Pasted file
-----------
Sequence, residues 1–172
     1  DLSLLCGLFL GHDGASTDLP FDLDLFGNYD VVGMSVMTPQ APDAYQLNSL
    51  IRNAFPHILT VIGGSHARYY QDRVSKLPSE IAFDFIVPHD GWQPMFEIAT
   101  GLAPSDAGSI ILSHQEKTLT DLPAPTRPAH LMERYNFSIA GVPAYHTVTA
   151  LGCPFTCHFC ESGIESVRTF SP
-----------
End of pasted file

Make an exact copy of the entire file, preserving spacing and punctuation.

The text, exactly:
Sequence, residues 1–172
     1  DLSLLCGLFL GHDGASTDLP FDLDLFGNYD VVGMSVMTPQ APDAYQLNSL
    51  IRNAFPHILT VIGGSHARYY QDRVSKLPSE IAFDFIVPHD GWQPMFEIAT
   101  GLAPSDAGSI ILSHQEKTLT DLPAPTRPAH LMERYNFSIA GVPAYHTVTA
   151  LGCPFTCHFC ESGIESVRTF SP